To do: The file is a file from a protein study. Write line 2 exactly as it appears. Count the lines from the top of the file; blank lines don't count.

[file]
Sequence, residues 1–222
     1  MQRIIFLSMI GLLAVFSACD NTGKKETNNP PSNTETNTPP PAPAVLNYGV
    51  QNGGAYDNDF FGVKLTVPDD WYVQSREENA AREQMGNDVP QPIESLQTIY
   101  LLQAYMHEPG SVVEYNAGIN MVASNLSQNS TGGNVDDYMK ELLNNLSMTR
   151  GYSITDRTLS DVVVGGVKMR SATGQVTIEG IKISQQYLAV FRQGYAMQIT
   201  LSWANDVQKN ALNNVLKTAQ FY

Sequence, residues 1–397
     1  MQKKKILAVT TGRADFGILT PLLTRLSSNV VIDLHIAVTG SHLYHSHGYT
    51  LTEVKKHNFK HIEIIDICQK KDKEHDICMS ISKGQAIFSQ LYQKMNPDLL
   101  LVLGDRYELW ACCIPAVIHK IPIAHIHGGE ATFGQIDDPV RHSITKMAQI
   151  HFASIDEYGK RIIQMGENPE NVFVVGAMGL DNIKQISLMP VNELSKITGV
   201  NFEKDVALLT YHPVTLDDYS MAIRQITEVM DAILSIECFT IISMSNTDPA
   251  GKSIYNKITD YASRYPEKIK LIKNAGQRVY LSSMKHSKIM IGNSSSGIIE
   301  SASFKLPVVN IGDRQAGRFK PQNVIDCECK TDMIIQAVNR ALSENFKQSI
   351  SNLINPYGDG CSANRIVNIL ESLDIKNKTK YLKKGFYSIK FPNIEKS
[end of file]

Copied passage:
     1  MQRIIFLSMI GLLAVFSACD NTGKKETNNP PSNTETNTPP PAPAVLNYGV